Firstly, the Muslim Brotherhood have a media team focused on its communications to the outside world. Apart from its famous Twitter account @Ikhwanweb, the Brotherhood also has a website in English which, contrary to what some might think, doesn’t simply contain translations of what the Brotherhood’s Arabic-language platform has to offer, but a tailored array of articles aimed to project a certain image to the Western reader. A couple of Twitter users, aware of the misleading nature of this arrangement, have recently started a new website in which they translate the actual Arabic content from official Muslim Brotherhood online outlets. That website is full of anti-semitic, sectarian rhetoric as well as a wide array of outlandish conspiracy theories.
The problem here is not simply that some analysts were ‘lost in translation’. People like Sondos Assem and Gehad El-Haddad, who is also the executive director of the Brotherhood’s “Renaissance” project, are supposed to represent a different kind of Muslim Brotherhood. As journalist Nick Kristof said in December 2011: “First, meet my hostess: Sondos Asem, a 24-year-old woman who is pretty much the opposite of the stereotypical bearded Brotherhood activist. Sondos is a middle-class graduate of the American University in Cairo [...]. She speaks perfect English, is writing a master’s thesis on social media, and helps run the Brotherhood’s English-language Twitter feed, @Ikhwanweb.”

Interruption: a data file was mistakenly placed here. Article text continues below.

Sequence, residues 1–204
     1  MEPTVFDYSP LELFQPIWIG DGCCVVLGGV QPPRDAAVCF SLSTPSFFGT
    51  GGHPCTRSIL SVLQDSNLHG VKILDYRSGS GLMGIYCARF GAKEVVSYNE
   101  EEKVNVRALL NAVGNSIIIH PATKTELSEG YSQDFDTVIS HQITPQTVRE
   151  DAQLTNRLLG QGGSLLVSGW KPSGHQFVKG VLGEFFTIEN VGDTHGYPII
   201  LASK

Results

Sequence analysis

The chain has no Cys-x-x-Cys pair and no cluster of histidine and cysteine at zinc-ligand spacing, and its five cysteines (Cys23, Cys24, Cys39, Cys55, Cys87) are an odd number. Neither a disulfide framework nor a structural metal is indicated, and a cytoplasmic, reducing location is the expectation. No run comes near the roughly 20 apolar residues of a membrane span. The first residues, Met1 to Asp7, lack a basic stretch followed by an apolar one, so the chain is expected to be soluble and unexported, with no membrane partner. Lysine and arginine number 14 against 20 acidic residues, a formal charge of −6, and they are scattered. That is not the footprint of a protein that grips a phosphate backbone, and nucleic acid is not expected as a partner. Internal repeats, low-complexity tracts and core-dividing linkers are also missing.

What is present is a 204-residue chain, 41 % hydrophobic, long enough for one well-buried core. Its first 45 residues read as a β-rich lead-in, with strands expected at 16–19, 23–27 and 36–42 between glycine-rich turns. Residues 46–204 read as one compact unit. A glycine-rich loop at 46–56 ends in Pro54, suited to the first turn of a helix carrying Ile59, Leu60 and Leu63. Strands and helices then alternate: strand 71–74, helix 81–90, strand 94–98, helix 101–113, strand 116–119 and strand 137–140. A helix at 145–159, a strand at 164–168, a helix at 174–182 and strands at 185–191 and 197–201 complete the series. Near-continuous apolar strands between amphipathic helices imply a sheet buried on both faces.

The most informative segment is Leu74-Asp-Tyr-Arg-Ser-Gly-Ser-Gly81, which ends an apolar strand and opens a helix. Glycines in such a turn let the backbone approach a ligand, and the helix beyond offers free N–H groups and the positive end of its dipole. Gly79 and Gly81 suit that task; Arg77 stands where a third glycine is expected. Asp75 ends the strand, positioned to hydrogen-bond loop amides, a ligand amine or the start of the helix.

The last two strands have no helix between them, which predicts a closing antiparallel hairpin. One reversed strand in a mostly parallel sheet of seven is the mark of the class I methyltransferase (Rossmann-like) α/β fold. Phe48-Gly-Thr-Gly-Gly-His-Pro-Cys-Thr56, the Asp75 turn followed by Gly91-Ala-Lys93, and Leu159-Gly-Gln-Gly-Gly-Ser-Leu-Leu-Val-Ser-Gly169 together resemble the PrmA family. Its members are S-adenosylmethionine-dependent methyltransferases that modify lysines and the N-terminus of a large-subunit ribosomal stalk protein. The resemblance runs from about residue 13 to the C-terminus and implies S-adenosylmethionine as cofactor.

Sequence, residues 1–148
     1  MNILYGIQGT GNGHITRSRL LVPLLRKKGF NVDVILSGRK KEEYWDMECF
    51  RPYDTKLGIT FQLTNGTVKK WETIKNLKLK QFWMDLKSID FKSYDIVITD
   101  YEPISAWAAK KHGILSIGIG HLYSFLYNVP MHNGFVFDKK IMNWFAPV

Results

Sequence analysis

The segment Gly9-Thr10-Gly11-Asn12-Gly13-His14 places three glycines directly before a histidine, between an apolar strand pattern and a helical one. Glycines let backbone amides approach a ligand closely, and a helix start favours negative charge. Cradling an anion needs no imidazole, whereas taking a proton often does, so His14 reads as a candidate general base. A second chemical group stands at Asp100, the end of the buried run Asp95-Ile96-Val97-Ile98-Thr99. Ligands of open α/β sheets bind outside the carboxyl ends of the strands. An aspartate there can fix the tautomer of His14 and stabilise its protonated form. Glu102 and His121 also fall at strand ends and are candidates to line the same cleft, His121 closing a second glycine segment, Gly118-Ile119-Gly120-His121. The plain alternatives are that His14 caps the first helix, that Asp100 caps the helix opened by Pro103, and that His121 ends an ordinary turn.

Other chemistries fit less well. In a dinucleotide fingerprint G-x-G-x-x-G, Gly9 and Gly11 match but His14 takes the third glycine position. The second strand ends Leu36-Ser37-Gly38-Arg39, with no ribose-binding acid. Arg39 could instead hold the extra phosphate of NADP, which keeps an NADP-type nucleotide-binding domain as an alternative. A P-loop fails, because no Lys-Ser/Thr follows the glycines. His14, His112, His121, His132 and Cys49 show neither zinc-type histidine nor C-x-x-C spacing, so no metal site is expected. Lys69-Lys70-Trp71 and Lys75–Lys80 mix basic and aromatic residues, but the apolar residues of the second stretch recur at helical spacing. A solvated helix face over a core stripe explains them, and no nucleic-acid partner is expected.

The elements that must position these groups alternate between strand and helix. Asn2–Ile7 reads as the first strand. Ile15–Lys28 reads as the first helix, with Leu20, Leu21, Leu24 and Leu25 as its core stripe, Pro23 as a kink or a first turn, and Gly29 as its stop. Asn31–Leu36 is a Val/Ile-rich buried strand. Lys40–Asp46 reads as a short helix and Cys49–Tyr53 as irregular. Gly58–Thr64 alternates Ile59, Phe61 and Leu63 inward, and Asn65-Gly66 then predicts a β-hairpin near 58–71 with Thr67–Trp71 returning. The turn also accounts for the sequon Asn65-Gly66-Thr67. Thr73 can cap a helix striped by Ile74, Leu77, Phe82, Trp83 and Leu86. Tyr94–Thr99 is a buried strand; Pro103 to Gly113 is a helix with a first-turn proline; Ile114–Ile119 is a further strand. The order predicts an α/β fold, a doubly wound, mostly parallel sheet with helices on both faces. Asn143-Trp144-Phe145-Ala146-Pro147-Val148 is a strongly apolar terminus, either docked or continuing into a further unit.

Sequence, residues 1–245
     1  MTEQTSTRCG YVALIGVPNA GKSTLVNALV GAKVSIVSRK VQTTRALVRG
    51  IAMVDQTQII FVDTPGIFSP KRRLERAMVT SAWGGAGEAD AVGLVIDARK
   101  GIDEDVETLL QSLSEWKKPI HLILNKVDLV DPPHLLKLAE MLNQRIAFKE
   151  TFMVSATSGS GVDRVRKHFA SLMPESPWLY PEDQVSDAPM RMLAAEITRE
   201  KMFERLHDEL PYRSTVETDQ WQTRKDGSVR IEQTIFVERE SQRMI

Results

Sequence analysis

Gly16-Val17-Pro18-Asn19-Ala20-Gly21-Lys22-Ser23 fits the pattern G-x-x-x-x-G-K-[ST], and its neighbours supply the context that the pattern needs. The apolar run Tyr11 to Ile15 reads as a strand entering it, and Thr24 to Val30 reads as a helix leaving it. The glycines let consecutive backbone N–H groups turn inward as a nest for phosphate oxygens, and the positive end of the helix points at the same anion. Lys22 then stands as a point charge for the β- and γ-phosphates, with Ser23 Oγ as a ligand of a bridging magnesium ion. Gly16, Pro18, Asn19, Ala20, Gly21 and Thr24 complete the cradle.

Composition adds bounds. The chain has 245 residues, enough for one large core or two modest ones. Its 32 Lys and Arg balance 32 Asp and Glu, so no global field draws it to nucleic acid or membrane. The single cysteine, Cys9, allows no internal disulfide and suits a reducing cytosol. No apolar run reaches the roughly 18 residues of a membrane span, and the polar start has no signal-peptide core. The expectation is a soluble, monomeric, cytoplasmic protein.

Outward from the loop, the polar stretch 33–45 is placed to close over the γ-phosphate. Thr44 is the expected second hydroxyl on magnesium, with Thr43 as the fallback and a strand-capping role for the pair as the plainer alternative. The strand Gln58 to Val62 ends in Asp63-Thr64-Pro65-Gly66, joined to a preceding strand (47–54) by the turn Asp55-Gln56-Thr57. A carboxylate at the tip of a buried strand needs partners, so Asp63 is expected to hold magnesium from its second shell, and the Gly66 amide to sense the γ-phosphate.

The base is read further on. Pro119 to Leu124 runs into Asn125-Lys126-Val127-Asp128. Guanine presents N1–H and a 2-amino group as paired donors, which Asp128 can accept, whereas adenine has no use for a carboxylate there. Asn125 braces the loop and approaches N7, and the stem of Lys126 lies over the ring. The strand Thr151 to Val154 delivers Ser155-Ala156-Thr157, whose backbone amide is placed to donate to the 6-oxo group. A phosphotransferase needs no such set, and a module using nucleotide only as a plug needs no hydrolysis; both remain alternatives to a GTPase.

This export brand of Muslim Brothers (or Sisters in this case) is meant to instate the idea of the presence of a young, progressive, open-minded stream within the Brotherhood. This idea has also been espoused by many within Egypt itself, but the reality is that the older, traditional Brotherhood members are the ones who run the show. Furthermore, it is questionable to even state that the younger generation is more open-minded. Dissidents who fall out of line too much can only seek their refuge in leaving the organization as opposed to ‘changing it from within’. This has happened with numerous young members of the organization as well as with one of its leaders, Abul Fotouh, who left to contend in the presidential race.
The faces of the revolution as they appeared in most media outlets, were young, tech-savvy activists who were quite progressive and ‘West-friendly’. The aforementioned image of younger Brotherhood members fit that narrative. All these progressive, young Egyptians, no matter their political background, would supposedly shed the bonds of patriarchy and embrace modernity and help Egypt embrace democracy in the process. That is ultimately what many wanted to believe and the Brotherhood simply catered to that wishful thinking.
Secondly, it is obvious how the Brotherhood depended on the naiveté and lack of political experience of its opponents to sway public opinion in its favour. In 2011, after the fall of Mubarak, parliamentary elections were held which resulted in an overwhelming victory for Islamists. Calling any opposition to the latter “elitist” or “in contempt of (the will of) the people” or “islamophobic” became normal and widespread and was sadly condoned, both explicitly and implicitly by Egypt watchers under the guise of political correctness.